My favorite reading of the night was “Perhaps the World Ends Here”. It is a poem that speaks of the importance of the kitchen table. “It is here that children are given instructions on what it means to be human. We make men at it, we make women.”  Ironically, I had just read in the new Ted Kooser book a poem titled “At the Kitchen Table”. Both poems hit a favorite belief of mine that the habit of a family gathering at a table is precious and should not be lost. I will reread both of these poems often now.

I came home spiked with energy to write poems or at least to read more and wallow in their beauty…that is as soon as I have another chance! 

Saturday, November 8, 2014

The Murray Tree

The wind and rain have taken many leaves and some trees are looking quite bare. Others have held tight, refused to give up anything yet to winter. The nights are cold making mornings outside too chilly until the sun wipes his eyes and comes fully awake near noon.

I have spent two days and one more to go of merely boxing up tea pots and cups preparing for  coming wall and ceiling work. I have taken pictures down, folded tablecloths, but have top of kitchen cabinets left to do. Mind you, this is not furniture moving yet, only small pieces of “stuff. It is amazing what I have accumulated. I feel strange taking down my own things, wrapping in tissue, and boxing like I am ending something. I wonder if I need these beloved things at all…would life be easier with cleared table tops?

Yesterday as I ran to town for more tissue paper, I noted the change in trees but kept moving on myself thinking that is what we all do…keep going, keep changing. I was coming down the street when I saw the Murray Tree and had to pull the car over to exalt its loveliness. Every year we watch for this tree to change as it is a beauty. This year while other trees were at their peak, this one had not even begun to change! We figured it would be a year it just did not perform. The Murrays have been dead for years and the house falls into ruin while descendants refuse to settle the estate. Yet every year, this tree flames full of color, full of a last burst of life at the end of summer. So this year was to be no different, just late.

The beauty of the Murray Tree made me think of my writing. Would it be slow and late too? Would it burst forth in the middle of a winter snow storm and astound me (and editors too!) with powerhouse words I stacked together? I can only hope this is true. No lines will be written in the next few weeks of sheetrock dust and plaster! But I can hope that like the Murray Tree I will eventually show marvelous creations even if late in the season!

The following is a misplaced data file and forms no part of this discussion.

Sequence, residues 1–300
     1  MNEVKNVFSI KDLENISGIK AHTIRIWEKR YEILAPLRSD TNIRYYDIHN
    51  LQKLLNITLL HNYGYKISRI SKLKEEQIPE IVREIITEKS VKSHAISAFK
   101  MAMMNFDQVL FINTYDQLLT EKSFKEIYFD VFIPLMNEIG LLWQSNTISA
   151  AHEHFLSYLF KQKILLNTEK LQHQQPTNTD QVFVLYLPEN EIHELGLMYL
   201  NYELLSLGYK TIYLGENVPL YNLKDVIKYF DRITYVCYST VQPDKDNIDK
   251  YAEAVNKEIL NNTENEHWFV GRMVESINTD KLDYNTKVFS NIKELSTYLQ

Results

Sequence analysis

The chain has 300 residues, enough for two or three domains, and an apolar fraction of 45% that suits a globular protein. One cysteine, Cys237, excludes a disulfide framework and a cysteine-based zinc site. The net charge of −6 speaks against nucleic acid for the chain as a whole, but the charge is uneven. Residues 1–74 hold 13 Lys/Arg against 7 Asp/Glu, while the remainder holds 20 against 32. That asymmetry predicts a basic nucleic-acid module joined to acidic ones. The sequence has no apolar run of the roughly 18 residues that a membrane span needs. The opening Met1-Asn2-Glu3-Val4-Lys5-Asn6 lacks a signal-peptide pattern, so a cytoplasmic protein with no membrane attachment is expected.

Tuesday, November 4, 2014

It Is a November Day

November is certainly here. A hard freeze moved in mums for the night on Friday, but all else froze. Leaves fell freely in the weekend winds. We wrapped up the deck for winter all but a few pieces. We sat the mums back out, crowding them around the door so I could see them constantly for whatever time they have left. The rain began in the night—the slow easy rain of late autumn.

It was a November rain we drove to Joplin in this morning. Going for an eye appointment, we never even turned on the radio. The wipers were our music, tap-tap-taping out the rhythm of a “winter coming” song. The skies were heavy and dismal, as gray as river rock. It wasn’t too hard to imagine that soon such a rain would be freezing or turning to white flakes.

The time change makes everything darker too. Poor Biscuit, she comes to me at 4:00 today and jumps into my lap. Her eyes plead. They say she does not care WHAT the clock says, her tummy says it is 5 p.m. and her dinnertime!

Inside we begin to take down pieces on walls and tables to ready for an overhaul of ceilings and walls. Gradually the inside of the house is looking less autumn comfy and more winter desolate. The bankroll is lessened too. The eye appointment went well this morning if one considers being $1000 lighter in the wallet as a good thing, but having healthy eyes is good news after problems for a while.

We stopped at Sam’s before coming home. Mercy, was that place packed! Was it that everyone could not do anything else in the rain so they went to buy food? I will say there was a certain friendliness in people as many stopped to comment on voting, my bracelets, or to ask where the dried fruit aisle was. There was a certain comradery in folks, maybe a common dread of winter perhaps?

But with cooler air and darker days, a good thing appears—soup pots! We had Panera Kale a few nights ago…then Beefy Onion with croutons on top…a spinach bean soup is in the freezer waiting…and all afternoon a chicken has cooked with celery, onions garlic, and tarragon. It will become chicken noodle for tonight.

Yes, it is really looking like November around here!